Nevertheless, it appears that urine is even more powerful and valuable than I imagined. You can check out this article on Gizmodo if you don't believe me; basically, a few teenage girls from Nigeria have created a generator that runs on urine. You can check out the link or their references yourself, but I think the take-home message here is abundantly clear: 

Keep those empty pop bottles handy, since it's time to start hoarding your urine! 

Thanks for reading, and have a good one!

365: Picture a Day Project    365 Leftovers    All My Pictures    Sitzbook

November 10, 2012

September 2012 Pictures of the Day

September? Yes, September. We were traveling a lot (mostly in China during September) so I've been slow at uploading pictures and posting to the blog. But here they are, finally:

I'm also currently uploading pictures from October and I'll put them here when they're ready. In the meantime, you can always check out my latest pictures on Flickr. (And you can see some of the newest ones in the widget to the left.)

Thanks for reading, and have a great new week!

365: Picture a Day Project    365 Leftovers    All My Pictures    Sitzbook

November 8, 2012

Gee Whiz

Sure, if you need to do a Number Two, there's nothing like a bathroom. But if Number One is on your mind, your grass could use a favor.
One's no longer the loneliest number, after all.

I recently came across this article on The Atlantic Cities site. It talks about a new system/product that will allow people to urinate outside in urban areas, and then harness that urine to fertilize plants. You should really check out the article for a better explanation, as well as to see a picture of the system.

Personally, I think this is brilliant. I recently learned the power of one's urine in our own yard. Especially when our water used to get cut off, I'd quickly hop outside at night when I needed to take a leak. I was surprised to notice that in the areas that I peed, the grass seemed to grow stronger, which was in direct contrast to what I thought I knew about peeing on lawns. But maybe that was just dog pee I was thinking of.

In any case, our front yard was a dying wreck about a year ago, so I decided that there was really nothing to lose by peeing on it and seeing if it worked. And let me tell you, it worked like gangbusters. The only complication was that it was right next to the road, so I'd normally have to wait till darkness before going out, checking to see that no one was going to pass by, and then letting loose. Plus, there were many critters to contend with, such as bats that would do fly-bys and nearly attack my head, mosquitoes, insane stray dogs, and weird hicks. And once I even had to chase an armadillo out of our yard, but that was just weird. But the main idea is that it worked, and for a long time, that was by far the greenest part of our yard.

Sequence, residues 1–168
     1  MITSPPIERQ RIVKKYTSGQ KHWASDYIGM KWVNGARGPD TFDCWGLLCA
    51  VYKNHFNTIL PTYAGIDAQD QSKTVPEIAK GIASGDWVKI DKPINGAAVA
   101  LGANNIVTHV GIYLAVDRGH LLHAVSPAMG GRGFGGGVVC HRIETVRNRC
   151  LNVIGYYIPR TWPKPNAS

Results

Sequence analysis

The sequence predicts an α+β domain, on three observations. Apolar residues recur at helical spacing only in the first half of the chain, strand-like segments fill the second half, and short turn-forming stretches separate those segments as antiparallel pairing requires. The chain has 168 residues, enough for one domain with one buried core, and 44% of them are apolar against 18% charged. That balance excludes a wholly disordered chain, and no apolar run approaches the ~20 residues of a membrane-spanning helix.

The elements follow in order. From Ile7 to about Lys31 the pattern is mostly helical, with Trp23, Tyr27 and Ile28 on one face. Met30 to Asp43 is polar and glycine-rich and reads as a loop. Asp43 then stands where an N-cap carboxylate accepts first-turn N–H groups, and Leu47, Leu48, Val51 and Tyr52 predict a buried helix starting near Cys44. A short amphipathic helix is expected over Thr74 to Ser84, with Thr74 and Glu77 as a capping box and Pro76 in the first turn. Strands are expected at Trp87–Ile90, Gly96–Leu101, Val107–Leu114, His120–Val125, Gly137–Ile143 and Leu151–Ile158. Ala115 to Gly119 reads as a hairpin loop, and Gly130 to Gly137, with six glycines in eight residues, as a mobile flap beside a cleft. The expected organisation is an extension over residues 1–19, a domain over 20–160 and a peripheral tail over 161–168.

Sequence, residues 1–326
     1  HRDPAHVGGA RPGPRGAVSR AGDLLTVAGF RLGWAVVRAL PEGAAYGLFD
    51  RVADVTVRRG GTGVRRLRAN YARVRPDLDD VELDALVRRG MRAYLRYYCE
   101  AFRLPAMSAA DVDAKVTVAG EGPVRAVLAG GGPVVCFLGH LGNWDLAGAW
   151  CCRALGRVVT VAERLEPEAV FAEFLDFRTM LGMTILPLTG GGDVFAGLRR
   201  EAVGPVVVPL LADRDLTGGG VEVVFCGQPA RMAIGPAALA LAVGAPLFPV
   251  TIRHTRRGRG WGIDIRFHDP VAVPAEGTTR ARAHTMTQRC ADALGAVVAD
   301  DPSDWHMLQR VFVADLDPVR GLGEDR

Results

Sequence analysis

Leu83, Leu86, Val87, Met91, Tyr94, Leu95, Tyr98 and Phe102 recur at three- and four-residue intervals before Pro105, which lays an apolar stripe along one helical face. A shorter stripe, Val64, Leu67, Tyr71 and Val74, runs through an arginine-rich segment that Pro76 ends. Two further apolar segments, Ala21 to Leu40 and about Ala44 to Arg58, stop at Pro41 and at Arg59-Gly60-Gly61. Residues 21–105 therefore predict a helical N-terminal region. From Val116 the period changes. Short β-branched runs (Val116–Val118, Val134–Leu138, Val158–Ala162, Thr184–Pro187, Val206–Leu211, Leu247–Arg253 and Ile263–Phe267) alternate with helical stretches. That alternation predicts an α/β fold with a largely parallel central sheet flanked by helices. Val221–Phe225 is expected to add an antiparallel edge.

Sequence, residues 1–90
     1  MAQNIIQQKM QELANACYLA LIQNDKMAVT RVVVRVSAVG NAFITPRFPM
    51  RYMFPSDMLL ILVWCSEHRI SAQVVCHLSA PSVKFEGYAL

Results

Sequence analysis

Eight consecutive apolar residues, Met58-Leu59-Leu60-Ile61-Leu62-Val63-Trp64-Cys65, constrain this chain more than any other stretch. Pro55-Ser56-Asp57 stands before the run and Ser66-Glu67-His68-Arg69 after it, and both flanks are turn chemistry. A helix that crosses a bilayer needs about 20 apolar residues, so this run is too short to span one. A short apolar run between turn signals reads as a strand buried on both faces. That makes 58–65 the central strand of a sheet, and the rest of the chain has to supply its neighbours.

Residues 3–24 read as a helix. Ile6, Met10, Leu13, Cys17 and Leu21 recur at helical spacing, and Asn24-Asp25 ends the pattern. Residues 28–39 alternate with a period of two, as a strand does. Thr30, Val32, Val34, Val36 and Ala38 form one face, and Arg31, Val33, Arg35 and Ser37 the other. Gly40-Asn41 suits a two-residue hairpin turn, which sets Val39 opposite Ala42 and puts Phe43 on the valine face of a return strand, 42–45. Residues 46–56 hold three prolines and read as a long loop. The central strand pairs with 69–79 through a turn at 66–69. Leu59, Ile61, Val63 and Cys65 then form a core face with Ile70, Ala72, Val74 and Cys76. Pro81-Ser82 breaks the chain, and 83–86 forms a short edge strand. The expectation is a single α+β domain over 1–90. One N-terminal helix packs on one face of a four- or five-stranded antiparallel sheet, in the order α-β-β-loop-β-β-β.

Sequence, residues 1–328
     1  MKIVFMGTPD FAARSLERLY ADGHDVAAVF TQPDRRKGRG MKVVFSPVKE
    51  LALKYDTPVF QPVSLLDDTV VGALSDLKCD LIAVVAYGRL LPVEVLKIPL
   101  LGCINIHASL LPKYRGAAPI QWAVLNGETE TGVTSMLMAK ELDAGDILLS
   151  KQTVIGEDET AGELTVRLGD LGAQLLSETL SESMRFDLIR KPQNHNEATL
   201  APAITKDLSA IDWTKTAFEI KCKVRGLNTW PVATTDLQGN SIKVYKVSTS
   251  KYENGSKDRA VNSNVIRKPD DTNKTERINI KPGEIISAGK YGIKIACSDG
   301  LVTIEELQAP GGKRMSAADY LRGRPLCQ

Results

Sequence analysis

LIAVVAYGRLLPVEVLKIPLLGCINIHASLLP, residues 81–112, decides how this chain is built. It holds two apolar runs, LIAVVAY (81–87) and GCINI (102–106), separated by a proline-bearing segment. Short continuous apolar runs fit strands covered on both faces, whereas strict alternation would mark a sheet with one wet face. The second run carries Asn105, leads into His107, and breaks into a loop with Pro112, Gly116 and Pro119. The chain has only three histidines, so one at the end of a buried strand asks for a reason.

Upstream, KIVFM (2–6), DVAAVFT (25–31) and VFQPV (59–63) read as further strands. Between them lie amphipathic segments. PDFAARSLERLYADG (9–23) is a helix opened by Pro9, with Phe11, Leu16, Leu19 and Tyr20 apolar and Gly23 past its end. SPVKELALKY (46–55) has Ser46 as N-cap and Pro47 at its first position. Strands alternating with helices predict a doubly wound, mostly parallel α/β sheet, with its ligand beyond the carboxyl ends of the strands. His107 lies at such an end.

So if you have a yard and you drink liquid forms of nourishment, consider combining the synergy of the two and seeing what happens.

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November 6, 2012

Wow, 800 Posts!

This is just a stock picture of me blowing a candle out on a cake. It's not even recent; I think it's from 2007 or something. But the point is this: Cake, and Monumental Occasion.
As I was logging in to Blogger to write a new post, I just realized that my last post on Sitzblog was my 800th post! That's pretty amazing, especially considering that when I started this blog in 2006 or whenever, I didn't technically know what a blog was, nor did I have any idea what I'd end up doing with this one.

And I guess I technically still don't know, but I would like to thank anyone who's read this blog along the way, whether you've done so consistently or coincidentally. I appreciate your support, and it's readers like you that make this whole thing more than just a glorified digital journal.

In any case, here's to at least 800 more posts--thanks again for reading!

365: Picture a Day Project    365 Leftovers    All My Pictures    Sitzbook

November 1, 2012

Ladies And Gentlemen, Start Your Beards!

I don't do "Movember" (It just doesn't work to combine those two words, in my opinion), but I do get into Novembeard! This is what I came up with a few years ago, so we'll see if I can beat my own record this year!

365: Picture a Day Project    365 Leftovers    All My Pictures    Sitzbook